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3rd: Pirelli Cinturato All Season SF3

Pirelli Cinturato All Season SF3
  • 205/55 R16 94V
  • EU Label: C/A/72
  • Weight: 8.28kgs
  • Tread: 7mm
  • 3PMSF: yes
Test#ResultBestDifference%
Dry Braking1st37.7 M100%
Dry Handling1st55.4 s100%
Subj. Dry Handling1st100 Points100%
Wet Braking3rd35.5 M33.2 M+2.3 M93.52%
Wet Handling2nd86.2 s86.1 s+0.1 s99.88%
Subj. Wet Handling1st100 Points100%
Wet Circle2nd12 s11.86 s+0.14 s98.83%
Straight Aqua1st84.2 Km/H100%
Curved Aquaplaning1st3.43 m/sec2100%
Snow Braking7th18.8 M17.6 M+1.2 M93.62%
Snow Traction3rd8.46 s8.04 s+0.42 s95.04%
Snow Handling2nd91.99 s90.68 s+1.31 s98.58%
Subj. Snow Handling2nd98 Points100 Points-2 Points98%
Snow Circle3rd0.378 ms/20.386 ms/2-0.01 ms/297.93%
Ice Braking5th6.89 M6.48 M+0.41 M94.05%
Ice Traction1st4.68 s100%
Noise5th71.7 dB70.9 dB+0.8 dB98.88%
Wear6th33741 KM48900 KM-15159 KM69%
Value7th2.75 Price/10001 Price/1000+1.75 Price/100036.36%
Price6th92.78 60 +32.78 64.67%
Rolling Resistance5th7.86 kg / t6.98 kg / t+0.88 kg / t88.8%
Best in dry with shortest braking distance and fastest lap time, very good in wet, best aquaplaning resistance on test, very good in snow traction and snow handling, best ice traction, low noise.
Slightly extended snow braking, highest wear resulting in lowest overall value.
The Pirelli Cinturato All Season SF3 would have been the test winner if I hadn't tested wear, and honestly, was my favorite tyre to drive on. It was the best in the dry, one of the best in the wet, very good around snow handling and its rolling resistance was plenty good enough too. The fact it has high wear might not be an issue for some, plus it's not much higher cost per 1000km than the Michelin, but if wear is important to you, then this is not the tyre to buy. Certainly the most summer feeling of all season tyre which will be appealing to some.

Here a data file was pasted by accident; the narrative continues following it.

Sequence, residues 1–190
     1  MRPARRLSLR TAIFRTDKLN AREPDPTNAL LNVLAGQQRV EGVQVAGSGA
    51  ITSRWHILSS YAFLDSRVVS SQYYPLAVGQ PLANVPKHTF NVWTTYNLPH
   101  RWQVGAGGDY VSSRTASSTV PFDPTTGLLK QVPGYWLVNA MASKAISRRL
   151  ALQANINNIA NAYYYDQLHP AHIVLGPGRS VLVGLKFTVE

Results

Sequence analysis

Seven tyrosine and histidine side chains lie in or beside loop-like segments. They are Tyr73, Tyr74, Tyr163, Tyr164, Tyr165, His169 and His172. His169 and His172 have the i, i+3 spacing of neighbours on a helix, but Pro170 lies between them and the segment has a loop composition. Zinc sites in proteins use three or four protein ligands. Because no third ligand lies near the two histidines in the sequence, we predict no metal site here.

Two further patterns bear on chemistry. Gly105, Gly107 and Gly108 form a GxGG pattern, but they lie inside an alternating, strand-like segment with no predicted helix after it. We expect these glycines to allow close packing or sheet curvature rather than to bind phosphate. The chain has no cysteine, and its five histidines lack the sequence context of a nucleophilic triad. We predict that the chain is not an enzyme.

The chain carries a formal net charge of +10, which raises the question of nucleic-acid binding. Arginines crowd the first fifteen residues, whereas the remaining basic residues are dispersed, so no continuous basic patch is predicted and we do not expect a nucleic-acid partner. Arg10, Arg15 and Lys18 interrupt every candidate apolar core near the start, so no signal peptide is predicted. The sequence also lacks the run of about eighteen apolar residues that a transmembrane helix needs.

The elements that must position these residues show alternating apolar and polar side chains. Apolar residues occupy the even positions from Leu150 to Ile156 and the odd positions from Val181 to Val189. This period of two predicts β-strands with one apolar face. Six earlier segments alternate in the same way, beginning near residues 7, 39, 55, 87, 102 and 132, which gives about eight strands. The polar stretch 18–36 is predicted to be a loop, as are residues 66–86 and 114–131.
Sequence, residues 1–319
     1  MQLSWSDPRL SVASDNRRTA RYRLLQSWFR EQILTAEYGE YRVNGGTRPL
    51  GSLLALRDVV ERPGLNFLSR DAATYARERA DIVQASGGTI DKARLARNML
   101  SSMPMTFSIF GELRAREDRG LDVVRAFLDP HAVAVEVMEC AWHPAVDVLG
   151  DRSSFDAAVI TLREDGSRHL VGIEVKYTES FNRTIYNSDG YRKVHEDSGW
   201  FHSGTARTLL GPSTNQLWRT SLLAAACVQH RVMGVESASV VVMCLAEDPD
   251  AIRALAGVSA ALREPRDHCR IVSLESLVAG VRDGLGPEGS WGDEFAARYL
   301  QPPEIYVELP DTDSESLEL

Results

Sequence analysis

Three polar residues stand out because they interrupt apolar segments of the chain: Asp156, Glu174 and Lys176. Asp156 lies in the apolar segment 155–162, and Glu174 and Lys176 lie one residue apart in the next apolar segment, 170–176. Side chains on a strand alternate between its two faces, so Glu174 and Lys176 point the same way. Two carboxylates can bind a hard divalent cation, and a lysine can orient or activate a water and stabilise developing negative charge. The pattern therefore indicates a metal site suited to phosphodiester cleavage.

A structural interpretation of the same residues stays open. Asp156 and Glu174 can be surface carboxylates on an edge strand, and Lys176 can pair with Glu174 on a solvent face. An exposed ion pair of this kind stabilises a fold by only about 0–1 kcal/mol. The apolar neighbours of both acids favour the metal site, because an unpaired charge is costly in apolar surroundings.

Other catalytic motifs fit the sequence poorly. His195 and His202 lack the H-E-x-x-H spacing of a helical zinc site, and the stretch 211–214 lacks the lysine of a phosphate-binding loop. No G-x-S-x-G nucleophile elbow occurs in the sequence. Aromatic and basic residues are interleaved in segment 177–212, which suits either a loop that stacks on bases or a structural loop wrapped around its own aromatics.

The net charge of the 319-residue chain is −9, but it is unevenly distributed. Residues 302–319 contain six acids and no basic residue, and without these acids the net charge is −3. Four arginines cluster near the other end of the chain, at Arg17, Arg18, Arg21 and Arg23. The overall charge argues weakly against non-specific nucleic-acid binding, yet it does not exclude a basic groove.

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4th: Michelin CrossClimate 2

Michelin CrossClimate 2
  • 205/55 R16 94V
  • EU Label: B/B/69
  • Weight: 8.01kgs
  • Tread: 6.7mm
  • 3PMSF: yes
Test#ResultBestDifference%
Dry Braking3rd39.2 M37.7 M+1.5 M96.17%
Dry Handling5th56.4 s55.4 s+1 s98.23%
Subj. Dry Handling4th92 Points100 Points-8 Points92%
Wet Braking5th37.3 M33.2 M+4.1 M89.01%
Wet Handling5th87.9 s86.1 s+1.8 s97.95%
Subj. Wet Handling3rd95 Points100 Points-5 Points95%
Wet Circle5th12.18 s11.86 s+0.32 s97.37%
Straight Aqua3rd80.1 Km/H84.2 Km/H-4.1 Km/H95.13%
Curved Aquaplaning2nd3.22 m/sec23.43 m/sec2-0.21 m/sec293.88%
Snow Braking1st17.6 M100%
Snow Traction6th8.69 s8.04 s+0.65 s92.52%
Snow Handling1st90.68 s100%
Subj. Snow Handling1st100 Points100%
Snow Circle1st0.386 ms/2100%
Ice Braking3rd6.79 M6.48 M+0.31 M95.43%
Ice Traction5th4.97 s4.68 s+0.29 s94.16%
Noise1st70.9 dB100%
Wear3rd39609 KM48900 KM-9291 KM81%
Value6th2.54 Price/10001 Price/1000+1.54 Price/100039.37%
Price7th100.59 60 +40.59 59.65%
Rolling Resistance1st6.98 kg / t100%
Good grip in the dry, high aquaplaning resistance, best in snow, lowest noise in test, lowest rolling resistance on test.